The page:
FOX 2 - Michelle Singh and her sister are in a battle to take back their family home - from the relatives of the man who murdered her mother.
In February 2018, her mother Martha Watters was found murdered. The suspect, who was eventually charged with 1st Degree Murder, her stepfather Gregory Agnew.
"This has been a very long three years," she said. "I am not sure we've actually been able to grieve."
While Gregory Agnew awaited trial, Michelle Singh says he used a quitclaim deed and signed over their family home on Dorset in Ypsilanti Township - to his mother and sister for a dollar.
It is the same house where Michelle and her family grew up, created memories with their own children, and was left to their mother by her own grandparents.
"Emotionally (it has been) exhausting," Michelle said. "But I think my sister and I have a certain fight to continue to push through what we are going through
They have been fighting in probate court to get it back. Under the Slayer Statute, which prevents a killer from profiting from their wrong.
Although Agnew was sentenced to life, he appealed. They are awaiting a decision from the Michigan Supreme Court, which has to deny the appeal for Michelle's family to legally get back the house.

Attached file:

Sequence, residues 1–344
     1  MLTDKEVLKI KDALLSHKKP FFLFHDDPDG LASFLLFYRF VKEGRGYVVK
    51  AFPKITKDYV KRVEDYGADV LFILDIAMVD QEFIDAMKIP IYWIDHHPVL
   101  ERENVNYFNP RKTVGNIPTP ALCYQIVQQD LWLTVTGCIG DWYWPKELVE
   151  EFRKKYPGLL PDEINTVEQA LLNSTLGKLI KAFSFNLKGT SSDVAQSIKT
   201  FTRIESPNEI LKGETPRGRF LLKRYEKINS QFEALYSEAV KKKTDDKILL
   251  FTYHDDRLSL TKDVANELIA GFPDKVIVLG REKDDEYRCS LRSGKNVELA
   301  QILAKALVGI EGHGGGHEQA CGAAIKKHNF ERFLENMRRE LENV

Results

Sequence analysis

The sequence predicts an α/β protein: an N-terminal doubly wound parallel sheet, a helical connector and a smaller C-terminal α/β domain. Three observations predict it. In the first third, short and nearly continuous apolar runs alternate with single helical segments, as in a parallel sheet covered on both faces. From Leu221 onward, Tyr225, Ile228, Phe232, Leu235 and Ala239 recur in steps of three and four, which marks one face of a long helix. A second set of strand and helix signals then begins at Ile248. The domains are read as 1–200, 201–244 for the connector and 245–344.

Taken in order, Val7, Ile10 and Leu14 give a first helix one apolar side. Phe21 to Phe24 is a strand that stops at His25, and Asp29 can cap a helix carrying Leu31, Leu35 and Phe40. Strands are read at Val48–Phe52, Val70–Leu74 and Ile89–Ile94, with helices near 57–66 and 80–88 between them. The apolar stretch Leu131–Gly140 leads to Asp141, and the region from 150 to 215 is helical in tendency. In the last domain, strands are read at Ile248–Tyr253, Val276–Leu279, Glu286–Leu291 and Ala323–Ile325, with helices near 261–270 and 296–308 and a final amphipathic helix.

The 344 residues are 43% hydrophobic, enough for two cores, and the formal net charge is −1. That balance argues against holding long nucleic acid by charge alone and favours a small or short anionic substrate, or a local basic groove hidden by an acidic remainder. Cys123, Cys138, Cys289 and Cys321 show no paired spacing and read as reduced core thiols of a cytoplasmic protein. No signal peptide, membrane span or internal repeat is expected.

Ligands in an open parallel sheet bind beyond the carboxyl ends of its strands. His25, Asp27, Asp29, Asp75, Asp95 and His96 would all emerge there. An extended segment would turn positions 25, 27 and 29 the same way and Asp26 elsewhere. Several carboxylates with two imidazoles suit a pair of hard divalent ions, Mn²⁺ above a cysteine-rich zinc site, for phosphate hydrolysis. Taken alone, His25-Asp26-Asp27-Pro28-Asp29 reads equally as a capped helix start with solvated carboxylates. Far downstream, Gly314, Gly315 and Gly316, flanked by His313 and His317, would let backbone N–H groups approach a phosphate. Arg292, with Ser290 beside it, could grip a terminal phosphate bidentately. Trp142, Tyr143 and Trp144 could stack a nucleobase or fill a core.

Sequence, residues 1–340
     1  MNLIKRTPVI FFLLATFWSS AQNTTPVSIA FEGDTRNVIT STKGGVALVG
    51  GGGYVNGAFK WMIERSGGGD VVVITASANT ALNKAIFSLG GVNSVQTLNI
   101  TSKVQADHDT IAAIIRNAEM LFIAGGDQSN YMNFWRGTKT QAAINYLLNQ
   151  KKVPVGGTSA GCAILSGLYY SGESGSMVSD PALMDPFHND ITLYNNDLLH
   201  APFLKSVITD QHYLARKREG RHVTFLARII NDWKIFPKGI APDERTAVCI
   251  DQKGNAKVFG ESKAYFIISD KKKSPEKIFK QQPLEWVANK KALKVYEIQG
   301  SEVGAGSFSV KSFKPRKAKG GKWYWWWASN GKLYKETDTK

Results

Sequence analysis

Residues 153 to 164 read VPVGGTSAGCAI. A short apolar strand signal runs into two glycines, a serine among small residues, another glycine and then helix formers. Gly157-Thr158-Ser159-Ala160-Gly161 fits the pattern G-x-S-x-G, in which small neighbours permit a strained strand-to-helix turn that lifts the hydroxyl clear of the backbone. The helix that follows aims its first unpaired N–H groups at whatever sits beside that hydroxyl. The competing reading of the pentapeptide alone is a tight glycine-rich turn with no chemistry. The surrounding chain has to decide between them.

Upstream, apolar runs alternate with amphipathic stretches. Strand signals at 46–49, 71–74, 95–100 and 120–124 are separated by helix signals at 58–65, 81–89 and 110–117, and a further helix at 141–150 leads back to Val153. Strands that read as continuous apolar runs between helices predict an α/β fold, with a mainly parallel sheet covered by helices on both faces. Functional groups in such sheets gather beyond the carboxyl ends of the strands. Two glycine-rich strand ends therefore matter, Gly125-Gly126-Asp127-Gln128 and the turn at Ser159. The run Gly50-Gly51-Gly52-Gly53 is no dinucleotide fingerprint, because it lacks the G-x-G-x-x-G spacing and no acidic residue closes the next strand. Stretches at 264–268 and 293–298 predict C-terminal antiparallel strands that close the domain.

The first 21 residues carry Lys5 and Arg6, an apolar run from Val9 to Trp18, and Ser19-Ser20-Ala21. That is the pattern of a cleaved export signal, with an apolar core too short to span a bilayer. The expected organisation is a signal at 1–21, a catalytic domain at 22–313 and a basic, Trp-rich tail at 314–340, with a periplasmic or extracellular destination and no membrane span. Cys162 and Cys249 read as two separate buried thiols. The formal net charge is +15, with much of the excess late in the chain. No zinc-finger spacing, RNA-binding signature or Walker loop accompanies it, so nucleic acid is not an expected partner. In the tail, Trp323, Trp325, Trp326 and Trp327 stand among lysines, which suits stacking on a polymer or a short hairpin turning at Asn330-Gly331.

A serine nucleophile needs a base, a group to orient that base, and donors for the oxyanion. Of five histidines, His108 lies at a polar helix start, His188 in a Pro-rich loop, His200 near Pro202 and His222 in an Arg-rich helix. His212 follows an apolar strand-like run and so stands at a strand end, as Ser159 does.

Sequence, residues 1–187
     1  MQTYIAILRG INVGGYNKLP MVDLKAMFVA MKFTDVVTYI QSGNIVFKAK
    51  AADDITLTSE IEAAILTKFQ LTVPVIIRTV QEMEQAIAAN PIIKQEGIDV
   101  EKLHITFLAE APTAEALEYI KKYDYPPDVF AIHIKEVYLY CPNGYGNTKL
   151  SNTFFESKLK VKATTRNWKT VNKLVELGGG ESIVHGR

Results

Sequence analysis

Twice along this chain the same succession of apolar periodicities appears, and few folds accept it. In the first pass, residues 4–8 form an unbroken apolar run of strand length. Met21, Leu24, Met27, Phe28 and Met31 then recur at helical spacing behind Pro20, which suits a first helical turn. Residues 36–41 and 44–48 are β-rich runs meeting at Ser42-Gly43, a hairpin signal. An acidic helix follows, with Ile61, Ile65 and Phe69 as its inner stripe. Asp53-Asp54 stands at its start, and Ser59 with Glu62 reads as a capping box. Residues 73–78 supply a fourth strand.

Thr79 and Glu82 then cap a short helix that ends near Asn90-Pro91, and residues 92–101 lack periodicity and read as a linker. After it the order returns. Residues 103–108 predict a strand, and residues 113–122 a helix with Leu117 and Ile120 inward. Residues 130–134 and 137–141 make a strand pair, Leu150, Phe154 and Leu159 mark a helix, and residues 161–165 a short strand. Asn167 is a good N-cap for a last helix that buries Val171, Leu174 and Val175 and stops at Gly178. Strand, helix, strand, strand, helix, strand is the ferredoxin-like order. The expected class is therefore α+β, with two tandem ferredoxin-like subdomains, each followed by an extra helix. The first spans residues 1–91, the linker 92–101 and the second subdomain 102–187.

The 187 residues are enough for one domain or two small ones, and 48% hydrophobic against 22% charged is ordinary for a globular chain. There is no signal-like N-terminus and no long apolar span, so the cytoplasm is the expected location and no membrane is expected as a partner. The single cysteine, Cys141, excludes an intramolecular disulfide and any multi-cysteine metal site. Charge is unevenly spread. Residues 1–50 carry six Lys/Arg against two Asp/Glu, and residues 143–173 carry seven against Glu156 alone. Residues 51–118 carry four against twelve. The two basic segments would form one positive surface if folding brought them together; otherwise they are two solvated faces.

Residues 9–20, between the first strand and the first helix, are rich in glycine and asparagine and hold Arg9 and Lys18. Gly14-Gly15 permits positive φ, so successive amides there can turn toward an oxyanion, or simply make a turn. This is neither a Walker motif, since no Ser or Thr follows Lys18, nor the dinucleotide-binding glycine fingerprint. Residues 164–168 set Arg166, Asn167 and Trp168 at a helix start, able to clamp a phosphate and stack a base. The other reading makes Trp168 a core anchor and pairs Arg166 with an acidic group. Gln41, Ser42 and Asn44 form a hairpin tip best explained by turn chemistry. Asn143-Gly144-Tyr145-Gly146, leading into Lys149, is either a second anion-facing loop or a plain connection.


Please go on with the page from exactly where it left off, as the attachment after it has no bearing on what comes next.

But Michelle says her stepfather's family left it in disarray when the court made her the personal representative of the estate.
"Walking through the window it was awful," she said. "The dogs were laying on the ground and then barking. There were feathers and rodents dead., there were dog feces everywhere. It was the worst condition you could imagine."
The dogs were so malnourished and sick - they had to put to be euthanized. Between probate court costs and cleaning out and repairing the family home, they have spent thousands of dollars.
A family friend started a GoFundMe account to help pay for the court battle that still isn't over..and bring the house back to the way it was.
Michelle Singh. Inset top: Her late mother Martha Watters. Below: Murderer Gregory Agnew.
"This will be ours, we will get the home, but we can't do it financially alone, anymore," she said.
But Michelle says they refuse to give up - it's what their mom would have wanted.
"And I know this is a memory for us right now that is hard, but it is going to pass and it's going to be worth it, and that is what she would tell me," she said.
The family is waiting for the state supreme court to make its ruling, but her sister is able to stay there for now.